No catches, no fine print just unconditional book love and reading recommendations for your students and children.
You can create your own school's page, develop tailored reading lists to share with peers and parents...all helping encourage reading for pleasure in your children.Find out more
Candace Bushnell is the critically acclaimed, international bestselling author of numerous books, including Is There Still Sex in the City, Sex and the City, Summer and the City, The Carrie Diaries, One Fifth Avenue, Lipstick Jungle, Trading Up, Killing Monica and Four Blondes. Sex and the City, published in 1996, was the basis for the HBO hit series and two subsequent blockbuster movies. Lipstick Jungle became a popular television series on NBC, as did The Carrie Diaries on the CW. Is There Still Sex in the City is currently in development as a TV series with Paramount.
Photo credit Anna Maguire
Katie Cotugno is the New York Times-bestselling author of messy, complicated, feminist love stories. She studied Writing, Literature and Publishing at Emerson College and received her MFA in Fiction at Lesley University. Katie is a Pushcart Prize nominee whose work has appeared in The Iowa Review, The Mississippi Review, and Argestes, among others. The great loves of her life include child's pose, her little sister, and mozzarella and honey sandwiches. She lives in Boston with her husband, Tom, and her dog, Avon.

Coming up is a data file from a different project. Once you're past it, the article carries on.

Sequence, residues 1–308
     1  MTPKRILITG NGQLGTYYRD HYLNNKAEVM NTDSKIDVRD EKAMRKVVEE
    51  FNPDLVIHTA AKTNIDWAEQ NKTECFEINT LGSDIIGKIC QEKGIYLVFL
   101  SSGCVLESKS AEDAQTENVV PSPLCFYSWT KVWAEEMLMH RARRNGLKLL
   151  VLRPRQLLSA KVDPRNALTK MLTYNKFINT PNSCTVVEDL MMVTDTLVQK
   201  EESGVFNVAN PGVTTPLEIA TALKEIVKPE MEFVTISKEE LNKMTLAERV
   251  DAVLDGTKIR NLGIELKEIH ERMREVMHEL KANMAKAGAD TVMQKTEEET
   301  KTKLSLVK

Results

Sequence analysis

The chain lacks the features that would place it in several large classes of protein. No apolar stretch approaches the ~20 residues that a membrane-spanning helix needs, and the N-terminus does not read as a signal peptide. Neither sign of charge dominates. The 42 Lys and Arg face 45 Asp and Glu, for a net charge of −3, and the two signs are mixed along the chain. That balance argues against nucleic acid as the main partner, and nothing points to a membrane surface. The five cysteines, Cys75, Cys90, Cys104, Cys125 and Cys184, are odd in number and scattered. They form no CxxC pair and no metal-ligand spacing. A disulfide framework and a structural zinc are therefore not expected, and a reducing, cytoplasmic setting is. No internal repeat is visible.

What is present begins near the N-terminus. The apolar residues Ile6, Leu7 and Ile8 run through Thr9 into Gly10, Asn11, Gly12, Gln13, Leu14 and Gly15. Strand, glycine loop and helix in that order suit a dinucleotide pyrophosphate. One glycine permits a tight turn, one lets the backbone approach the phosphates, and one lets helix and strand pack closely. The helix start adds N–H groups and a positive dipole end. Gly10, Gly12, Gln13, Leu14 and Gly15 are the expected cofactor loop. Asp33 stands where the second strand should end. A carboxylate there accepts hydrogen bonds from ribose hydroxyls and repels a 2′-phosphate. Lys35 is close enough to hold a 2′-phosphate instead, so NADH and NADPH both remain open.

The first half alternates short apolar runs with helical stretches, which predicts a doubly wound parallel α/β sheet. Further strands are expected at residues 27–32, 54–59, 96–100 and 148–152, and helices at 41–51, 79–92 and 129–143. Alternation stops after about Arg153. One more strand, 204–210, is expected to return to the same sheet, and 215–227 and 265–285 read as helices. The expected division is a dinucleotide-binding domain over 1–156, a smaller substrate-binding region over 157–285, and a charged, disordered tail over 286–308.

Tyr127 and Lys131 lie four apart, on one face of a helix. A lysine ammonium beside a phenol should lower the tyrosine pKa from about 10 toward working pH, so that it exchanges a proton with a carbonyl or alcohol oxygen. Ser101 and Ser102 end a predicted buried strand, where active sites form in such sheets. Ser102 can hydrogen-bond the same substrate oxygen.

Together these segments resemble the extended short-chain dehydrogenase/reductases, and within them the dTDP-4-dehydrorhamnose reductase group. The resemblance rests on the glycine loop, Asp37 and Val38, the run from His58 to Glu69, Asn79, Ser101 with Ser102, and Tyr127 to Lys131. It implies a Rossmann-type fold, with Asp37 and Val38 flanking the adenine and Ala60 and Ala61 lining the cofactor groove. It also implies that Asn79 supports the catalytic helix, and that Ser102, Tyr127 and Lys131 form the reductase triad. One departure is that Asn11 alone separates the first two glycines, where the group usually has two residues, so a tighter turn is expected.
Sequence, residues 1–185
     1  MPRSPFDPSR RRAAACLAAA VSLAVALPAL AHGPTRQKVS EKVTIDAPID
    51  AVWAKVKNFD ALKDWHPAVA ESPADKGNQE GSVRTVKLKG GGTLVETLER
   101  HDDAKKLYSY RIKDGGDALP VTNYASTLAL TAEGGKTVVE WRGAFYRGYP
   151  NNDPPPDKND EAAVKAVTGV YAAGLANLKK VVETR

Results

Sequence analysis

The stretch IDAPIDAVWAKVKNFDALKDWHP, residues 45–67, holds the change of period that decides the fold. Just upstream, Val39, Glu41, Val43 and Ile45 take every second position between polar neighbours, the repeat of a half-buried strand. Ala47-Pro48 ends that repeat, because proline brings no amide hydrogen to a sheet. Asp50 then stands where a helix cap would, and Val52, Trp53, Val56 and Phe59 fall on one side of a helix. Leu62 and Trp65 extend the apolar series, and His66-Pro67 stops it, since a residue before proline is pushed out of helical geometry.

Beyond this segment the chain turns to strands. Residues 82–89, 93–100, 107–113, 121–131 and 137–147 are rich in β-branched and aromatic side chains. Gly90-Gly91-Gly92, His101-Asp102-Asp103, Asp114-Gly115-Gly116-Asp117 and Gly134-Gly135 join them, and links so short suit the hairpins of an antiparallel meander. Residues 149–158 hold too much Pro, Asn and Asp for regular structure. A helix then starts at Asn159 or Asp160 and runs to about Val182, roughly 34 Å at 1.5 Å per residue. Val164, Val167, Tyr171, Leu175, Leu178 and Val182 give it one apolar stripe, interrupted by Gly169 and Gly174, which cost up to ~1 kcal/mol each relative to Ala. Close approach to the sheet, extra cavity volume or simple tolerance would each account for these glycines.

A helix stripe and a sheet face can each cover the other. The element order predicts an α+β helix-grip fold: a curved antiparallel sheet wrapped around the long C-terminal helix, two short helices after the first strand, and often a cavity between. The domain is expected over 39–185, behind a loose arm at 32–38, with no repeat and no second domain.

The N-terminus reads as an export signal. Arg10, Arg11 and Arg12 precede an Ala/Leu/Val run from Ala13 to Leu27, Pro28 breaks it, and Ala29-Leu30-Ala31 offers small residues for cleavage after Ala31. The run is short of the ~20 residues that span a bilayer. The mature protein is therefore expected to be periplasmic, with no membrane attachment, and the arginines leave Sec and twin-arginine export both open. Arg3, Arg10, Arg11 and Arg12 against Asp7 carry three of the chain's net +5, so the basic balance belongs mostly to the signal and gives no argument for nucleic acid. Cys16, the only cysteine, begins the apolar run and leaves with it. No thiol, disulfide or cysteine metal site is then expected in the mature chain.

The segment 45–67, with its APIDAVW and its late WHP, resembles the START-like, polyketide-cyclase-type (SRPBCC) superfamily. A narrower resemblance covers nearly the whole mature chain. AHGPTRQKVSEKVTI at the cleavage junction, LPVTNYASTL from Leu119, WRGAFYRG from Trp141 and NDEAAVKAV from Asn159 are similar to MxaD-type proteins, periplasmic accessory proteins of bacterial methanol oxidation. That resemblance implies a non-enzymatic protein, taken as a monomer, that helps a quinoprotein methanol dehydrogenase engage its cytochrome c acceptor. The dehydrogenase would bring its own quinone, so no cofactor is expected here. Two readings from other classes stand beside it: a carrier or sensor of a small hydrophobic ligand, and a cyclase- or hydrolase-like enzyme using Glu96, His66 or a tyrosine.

This compelling read tells a familiar story of the authority figure ( a popular teacher here) who behaves inappropriately and when his victim comes forward, she is not believed and her life takes a real turn for the worse, including in this case, work being marked down and university applications scuppered by the same teacher in revenge for her speaking out. What makes this book stand out is the complexity and authenticity of Marin’s internal dialogue and the fact that the dilemmas she faces and the choices she makes are all too believable. The book really gets to the heart of how difficult it is for girls and women to make sense of this kind of violation, and brilliantly explores the way they doubt themselves and the way that predators exploit these feelings. Marin’s experience opens her eyes to things that had previously passed unnoticed- the casual sexism of classmates and the institutional sexism of a school dress code and of an English curriculum which featured only male authors and even her own lack of awareness of what life is like for outsiders. While English teachers will celebrate Marin’s decision to express her protest in print via her student newspaper editorials, librarian’s will relish the feminist book club she also sets up ( and the excellent book recommendations that are given) This is an important book for both sexes to read and one which will hopefully start lots of conversations about equality, sexual harassment, and those unwritten social norms that govern our behaviour.